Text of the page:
4. Vaginal hubris. (My favourite kind…) Talking about this, Katie says, “my character is someone with a lot of confidence in their hoo-ha.”  But when does a lot of confidence become excessive?
    I don’t know that I’ve ever thought in terms of my vagina as having moods, but I’m going to be keeping an eye on things, and if I spot it being aloof, timid or cantankerous, I’ll let you know.

Wordy Wednesday: paean

glass animalsMy choice of ‘paean’ is purely because I went to a great gig last night, the first in a long, long time, and in my old stomping ground of Shoreditch, no less. And as I loved the band I wanted to offer a paean (viz. sing a song of praise) to the talented foursome, whose members include a neuroscientist and two classical musicians at the top of their game. The gig was at Concrete, and I was there with my friend Janie, supporting her nephew Joe, drummer with Glass Animals. The band is the first signing for Wolf Tone, the new label by super-producer Paul Epworth (he of Adele fame). Epworth himself, who was supposed to be in LA on the night, was there, grooving along to his new signing’s performance. As was I…
Screen Shot 2013-11-13 at 18.59.36You can make your own mind up by listening to their enthralling, intelligent and inventive tracks on Soundcloud, here. Their extraordinary musicality reminds me of early Muse, though you’re more likely to find them being compared with Radiohead.

Read all about them in Paul Lester’s Guardian article, Glass Animals (New band of the day No 1,635) (theguardian.com)

Wordy Wednesday: acronym

Royal spotting at the Badminton Horse Trials

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I discovered a few years ago that acronyms weren’t quite what I’d thought they were… This brings a blush to my cheeks not only because I am now a copywriter, but also because at 14, while working at the Badminton Horse Trials (indulging in a spot of Royal watching while sporting a fetching turquoise t-shirt bearing the legend ‘NatWest is Best’), I’d laughed condescendingly on noticing ‘AIB Bank’ emblazoned on a fellow worker’s t-shirt, and – in the patronising way of a teenage know-it-all – explained to him that the acronym meant Allied Irish Bank Bank – I have a horrid feeling that I might even have attempted this in an Irish accent. Of course, as I later discovered, it wasn’t an acronym at all, it was an initialism. Oh the shame…  Read more…

Movember: the Cerne Abbas giant sports a ‘tache

The Cerne Abbas Giant sports a 'tache for Movember

The Cerne Abbas Giant sports a ‘tache for Movember

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The Cerne Abbas Giant made Dorset proud today, by sporting a fabulous moustache in support of Movember.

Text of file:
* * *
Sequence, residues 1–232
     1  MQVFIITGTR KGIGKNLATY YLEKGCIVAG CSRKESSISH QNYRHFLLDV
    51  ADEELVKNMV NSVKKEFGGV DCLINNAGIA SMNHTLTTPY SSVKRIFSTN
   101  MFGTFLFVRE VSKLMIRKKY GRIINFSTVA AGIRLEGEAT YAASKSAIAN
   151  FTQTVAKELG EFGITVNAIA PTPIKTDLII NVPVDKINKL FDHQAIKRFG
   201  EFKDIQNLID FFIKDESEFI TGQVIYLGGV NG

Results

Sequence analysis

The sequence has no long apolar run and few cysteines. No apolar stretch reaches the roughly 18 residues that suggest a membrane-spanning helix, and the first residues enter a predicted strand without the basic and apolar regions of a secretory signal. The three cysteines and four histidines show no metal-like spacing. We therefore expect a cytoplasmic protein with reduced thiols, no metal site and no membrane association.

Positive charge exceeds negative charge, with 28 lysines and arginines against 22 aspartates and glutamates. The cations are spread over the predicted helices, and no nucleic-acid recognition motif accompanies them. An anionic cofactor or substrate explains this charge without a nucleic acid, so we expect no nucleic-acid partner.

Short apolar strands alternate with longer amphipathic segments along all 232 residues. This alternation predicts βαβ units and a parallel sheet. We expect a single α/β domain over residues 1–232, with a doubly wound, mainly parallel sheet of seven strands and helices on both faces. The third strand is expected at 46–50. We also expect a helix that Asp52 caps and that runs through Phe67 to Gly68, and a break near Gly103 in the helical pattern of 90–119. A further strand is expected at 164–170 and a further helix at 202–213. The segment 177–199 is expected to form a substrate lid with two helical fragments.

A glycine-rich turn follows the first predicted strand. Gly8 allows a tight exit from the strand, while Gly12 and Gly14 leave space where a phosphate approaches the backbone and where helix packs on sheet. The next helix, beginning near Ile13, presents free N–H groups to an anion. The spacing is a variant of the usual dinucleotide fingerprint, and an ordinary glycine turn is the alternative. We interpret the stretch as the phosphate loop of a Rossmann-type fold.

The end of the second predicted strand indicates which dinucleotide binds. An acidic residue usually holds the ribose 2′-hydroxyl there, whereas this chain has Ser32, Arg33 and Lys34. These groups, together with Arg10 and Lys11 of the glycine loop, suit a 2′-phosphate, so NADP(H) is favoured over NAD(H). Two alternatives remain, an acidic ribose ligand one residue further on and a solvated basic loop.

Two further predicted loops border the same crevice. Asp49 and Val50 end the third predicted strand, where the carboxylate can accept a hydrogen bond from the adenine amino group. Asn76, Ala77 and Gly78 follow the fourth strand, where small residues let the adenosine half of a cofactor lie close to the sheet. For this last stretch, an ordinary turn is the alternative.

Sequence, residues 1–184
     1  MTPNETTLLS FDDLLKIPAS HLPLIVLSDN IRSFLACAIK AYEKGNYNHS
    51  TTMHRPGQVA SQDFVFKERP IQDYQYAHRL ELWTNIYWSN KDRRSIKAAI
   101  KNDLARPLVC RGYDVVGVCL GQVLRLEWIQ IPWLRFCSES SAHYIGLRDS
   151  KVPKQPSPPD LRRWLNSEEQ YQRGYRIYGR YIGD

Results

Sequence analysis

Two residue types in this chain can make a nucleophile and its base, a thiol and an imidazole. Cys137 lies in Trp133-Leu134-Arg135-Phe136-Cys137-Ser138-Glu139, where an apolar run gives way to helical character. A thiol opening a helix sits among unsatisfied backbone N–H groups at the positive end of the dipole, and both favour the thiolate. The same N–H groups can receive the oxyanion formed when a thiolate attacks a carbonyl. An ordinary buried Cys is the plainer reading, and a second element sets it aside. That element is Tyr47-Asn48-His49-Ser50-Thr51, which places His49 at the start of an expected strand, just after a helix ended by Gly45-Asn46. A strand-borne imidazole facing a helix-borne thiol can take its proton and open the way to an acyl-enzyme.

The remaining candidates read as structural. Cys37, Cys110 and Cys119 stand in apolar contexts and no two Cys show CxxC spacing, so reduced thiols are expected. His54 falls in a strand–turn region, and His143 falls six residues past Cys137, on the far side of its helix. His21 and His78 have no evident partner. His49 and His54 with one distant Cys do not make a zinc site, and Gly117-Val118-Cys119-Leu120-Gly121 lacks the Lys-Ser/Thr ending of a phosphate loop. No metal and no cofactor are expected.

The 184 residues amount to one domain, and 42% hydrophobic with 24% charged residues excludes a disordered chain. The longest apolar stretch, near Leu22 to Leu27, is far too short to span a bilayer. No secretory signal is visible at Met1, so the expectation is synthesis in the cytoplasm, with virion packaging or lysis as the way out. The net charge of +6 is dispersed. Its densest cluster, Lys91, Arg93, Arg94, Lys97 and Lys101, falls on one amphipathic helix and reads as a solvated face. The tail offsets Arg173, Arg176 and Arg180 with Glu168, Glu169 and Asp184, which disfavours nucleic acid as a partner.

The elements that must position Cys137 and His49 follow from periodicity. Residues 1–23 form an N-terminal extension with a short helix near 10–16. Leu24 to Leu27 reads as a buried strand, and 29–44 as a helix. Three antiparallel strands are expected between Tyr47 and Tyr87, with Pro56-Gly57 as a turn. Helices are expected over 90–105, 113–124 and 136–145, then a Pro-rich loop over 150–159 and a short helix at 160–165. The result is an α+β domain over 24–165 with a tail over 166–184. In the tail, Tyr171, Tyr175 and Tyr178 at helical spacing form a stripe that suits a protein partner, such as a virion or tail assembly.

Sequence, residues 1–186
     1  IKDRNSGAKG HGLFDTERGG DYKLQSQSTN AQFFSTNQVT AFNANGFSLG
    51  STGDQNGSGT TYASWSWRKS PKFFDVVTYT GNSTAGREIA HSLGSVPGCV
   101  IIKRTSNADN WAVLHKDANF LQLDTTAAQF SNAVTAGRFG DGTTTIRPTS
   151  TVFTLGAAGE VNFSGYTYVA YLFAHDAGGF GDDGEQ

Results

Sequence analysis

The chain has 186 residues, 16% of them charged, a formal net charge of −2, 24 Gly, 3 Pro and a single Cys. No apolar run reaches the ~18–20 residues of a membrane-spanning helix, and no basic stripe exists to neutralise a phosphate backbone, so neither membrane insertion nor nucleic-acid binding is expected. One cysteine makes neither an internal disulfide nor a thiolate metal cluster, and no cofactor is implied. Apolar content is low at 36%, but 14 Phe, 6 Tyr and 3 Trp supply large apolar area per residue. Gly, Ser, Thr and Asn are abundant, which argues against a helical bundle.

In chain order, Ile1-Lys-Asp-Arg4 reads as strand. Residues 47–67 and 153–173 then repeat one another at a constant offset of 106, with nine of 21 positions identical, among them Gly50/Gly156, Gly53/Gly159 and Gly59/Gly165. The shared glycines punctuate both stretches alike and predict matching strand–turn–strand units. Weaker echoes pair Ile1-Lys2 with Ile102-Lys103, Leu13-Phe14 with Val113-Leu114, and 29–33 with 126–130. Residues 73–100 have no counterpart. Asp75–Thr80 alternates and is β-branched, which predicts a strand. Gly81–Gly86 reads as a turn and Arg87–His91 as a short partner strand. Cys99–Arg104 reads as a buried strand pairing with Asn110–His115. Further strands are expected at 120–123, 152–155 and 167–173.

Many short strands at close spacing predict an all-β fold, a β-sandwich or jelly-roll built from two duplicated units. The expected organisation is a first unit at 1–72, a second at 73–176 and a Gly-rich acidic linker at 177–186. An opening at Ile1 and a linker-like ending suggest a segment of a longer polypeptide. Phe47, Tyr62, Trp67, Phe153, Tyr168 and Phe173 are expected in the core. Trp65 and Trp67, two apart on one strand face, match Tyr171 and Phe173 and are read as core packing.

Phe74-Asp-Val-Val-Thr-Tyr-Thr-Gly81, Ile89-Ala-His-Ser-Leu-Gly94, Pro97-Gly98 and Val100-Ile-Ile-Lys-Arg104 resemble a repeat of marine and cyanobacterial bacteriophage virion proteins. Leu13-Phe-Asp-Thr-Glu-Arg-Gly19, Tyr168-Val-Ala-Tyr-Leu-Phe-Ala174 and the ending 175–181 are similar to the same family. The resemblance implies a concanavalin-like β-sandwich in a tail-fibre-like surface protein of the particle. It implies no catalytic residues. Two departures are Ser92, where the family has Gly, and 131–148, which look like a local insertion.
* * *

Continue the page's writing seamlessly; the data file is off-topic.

The Giant’s grass moustache (grown by British Seed Houses) is, at 36′ by 9′, big enough and bushy enough to make even Tom Selleck green with envy.

Magnum PI

Magnum PI

The chalk Giant has joined the ranks of those sporting a ‘tache for Movember in support of health programmes that combat prostate and testicular cancer (and mental health challenges).

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It seems an inspired pairing: the priapic Giant
(who says size doesn’t matter? Ed.) and the Movember charity, which aims to make an ‘everlasting impact on the face of men’s health’ through its support for prostate cancer, testicular cancer and mental health. 

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The Giant already has a reputation for virility, with folklore holding that infertile couples making love on its huge appendage will conceive within two years (that is, if the guy isn’t too intimidated to be able to perform…).

The National Trust showed its funny and compassionate side by giving permission for the grass moustache to be added to the chalk giant for a day.

Watch a video on this, here:

http://www.itv.com/news/west/update/2013-11-01/moustache-for-cerne-abas-giant/.

Brid: I know how this looks, but it wasn’t me…

Brid
Do you ever feel guilty about things that aren’t your fault? I do, and when I saw this photo on Grammarly’s Facebook page yesterday I had a flutter of panic: what did I misspell?

(It’s the stuff of nightmares: a post on Grammarly about a misspelling by the word bird…)

I imagine that the artist himself wasn’t an English-speaker (he probably saw ‘Brid’ not as a word, but as a shape). But that doesn’t explain why the US wholesaler, the warehouse assistants who unpacked the boxes, and the shop assistants who placed the items on the shelves failed to pick up on it.

Read more…